In a followup to the Forrester report on paid blog advertising via sponsoring the conversation in blogposts, Google’s Matt Cutts has weighed in a bit on the conversation, reiterating his stance on paid blog posting.
Clear disclosure of sponsorship is critical, and that includes disclosure for search engines. If link in a paid post would affect search engines, that link should not pass PageRank (e.g. by using the nofollow attribute). Google — and other search engines — do take action which can include demoting sites that sell links that pass PageRank, for example.
Cutts has now taken Google’s position further, using the Izea Christmas K-Mart campaign which was mastered by Izea and some A-List bloggers as an example :
The Forrester report discusses a recent “sponsored conversation” from Kmart, but I doubt whether mentions that even in that small test, Google found multiple bloggers that violated our quality guidelines and we took corresponding action. Those blogs are not trusted in Google’s algorithms any more.
Don’t participate in link schemes designed to increase your site’s ranking or PageRank. In particular, avoid links to web spammers or “bad neighborhoods” on the web, as your own ranking may be affected adversely by those links.
Why does Google dislike paid blogging?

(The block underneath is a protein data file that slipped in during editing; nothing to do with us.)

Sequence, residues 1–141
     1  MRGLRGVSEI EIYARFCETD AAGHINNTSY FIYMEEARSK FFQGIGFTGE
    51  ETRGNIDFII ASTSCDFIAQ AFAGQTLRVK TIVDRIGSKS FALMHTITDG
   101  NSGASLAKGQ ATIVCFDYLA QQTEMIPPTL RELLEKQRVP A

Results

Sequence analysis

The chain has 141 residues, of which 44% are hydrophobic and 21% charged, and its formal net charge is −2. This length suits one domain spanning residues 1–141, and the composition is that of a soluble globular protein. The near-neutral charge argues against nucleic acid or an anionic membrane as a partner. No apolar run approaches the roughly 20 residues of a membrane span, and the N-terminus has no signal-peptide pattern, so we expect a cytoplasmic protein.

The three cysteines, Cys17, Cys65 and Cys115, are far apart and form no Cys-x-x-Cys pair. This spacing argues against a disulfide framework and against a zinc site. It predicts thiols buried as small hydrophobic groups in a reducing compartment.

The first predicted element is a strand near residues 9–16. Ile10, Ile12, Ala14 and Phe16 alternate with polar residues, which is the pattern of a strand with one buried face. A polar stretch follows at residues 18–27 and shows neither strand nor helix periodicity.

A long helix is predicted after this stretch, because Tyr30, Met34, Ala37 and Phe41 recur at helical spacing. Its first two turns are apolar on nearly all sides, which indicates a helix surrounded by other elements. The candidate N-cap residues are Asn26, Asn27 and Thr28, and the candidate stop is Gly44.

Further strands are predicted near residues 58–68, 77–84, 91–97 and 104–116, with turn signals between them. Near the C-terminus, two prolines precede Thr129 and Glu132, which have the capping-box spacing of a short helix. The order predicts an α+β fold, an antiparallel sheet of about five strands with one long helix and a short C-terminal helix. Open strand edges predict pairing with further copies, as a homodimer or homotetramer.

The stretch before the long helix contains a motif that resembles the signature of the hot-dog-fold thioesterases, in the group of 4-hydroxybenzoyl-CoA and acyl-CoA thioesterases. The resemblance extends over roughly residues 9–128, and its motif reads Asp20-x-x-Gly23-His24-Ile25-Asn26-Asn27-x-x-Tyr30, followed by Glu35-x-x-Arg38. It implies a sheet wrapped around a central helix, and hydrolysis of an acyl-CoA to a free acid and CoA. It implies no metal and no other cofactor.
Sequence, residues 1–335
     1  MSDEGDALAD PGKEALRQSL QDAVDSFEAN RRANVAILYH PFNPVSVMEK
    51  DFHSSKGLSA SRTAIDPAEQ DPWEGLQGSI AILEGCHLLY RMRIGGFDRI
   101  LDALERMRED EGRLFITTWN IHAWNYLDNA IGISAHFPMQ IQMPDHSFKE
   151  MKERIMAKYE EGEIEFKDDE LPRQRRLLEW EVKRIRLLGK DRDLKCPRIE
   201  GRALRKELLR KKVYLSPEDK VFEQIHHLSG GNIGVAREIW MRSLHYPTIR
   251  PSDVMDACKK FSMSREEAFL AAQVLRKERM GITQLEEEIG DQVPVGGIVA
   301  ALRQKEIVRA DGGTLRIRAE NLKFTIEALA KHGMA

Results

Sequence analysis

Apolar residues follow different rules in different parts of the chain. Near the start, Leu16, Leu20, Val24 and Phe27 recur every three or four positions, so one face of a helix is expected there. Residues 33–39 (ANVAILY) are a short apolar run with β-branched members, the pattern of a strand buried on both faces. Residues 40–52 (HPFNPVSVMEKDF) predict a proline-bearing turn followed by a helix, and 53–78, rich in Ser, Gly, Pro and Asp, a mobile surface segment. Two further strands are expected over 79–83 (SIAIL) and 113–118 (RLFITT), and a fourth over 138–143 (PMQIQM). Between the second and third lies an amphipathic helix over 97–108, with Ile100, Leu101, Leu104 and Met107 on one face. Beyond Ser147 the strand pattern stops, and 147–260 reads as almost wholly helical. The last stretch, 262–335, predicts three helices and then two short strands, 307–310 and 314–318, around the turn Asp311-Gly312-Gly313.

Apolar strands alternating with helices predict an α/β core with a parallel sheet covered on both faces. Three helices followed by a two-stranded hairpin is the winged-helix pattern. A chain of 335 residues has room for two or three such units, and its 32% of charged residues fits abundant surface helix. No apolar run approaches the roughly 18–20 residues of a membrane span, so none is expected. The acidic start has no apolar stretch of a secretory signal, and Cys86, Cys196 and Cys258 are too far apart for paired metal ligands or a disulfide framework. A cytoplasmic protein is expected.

Matt uses his classic brain cancer example as a way to illustrate how paid blogging can be misleading and destroy the trust associated with Google search results.
The paid post at the top happens to be about brain tumors, which is a really serious subject. If you are searching for information about brain cancer or radiosurgery, you probably don’t want a company buying links in an attempt to show up higher in search engines. Other paid posts might not be as starkly life-or-death, but they can still pollute the ecology of the web.
In addition, Matt asks Google users to rat out blog which offer ‘empty’ paid reviews or sell links :
“That means that now is a great time to send us reports of link buyers or sellers that violate our guidelines.”
Wow Matt, not pulling your punches anymore are you? Again, the major conflict I see here is when a trusted organization or company does sponsor a conversations which is moderated and hosted by the blogger. Do you expect all bloggers who participate in these programs to always use a NoFollow 100% of the time? Is this a reasonable expectation by Google and are you saying that if Google catches sponsored blog posts without a NoFollow that you’ll be making the decision to penalized those entire sites so “Those blogs are not trusted in Google’s algorithms any more.”
I know you’ve addressed this in the past, but this is much more of a warning post than anything else. By using Izea’s example, you’ve called out some of the top bloggers in the blogosphere to tell them Google does not trust them because they gave KMart an organic link when asked to blog about their experiences there after receiving a $500 gift card.
Looking at one of the blogs listed on this page, I notice that Loren Feldman’s link to KMart is a doubleclick ad link, therefore, not an issue with Google and organic ranking. Furthermore, this post is coming from the heart and sincere, or seems to be (keep in mind, Feldman is a professional actor and puppeteer).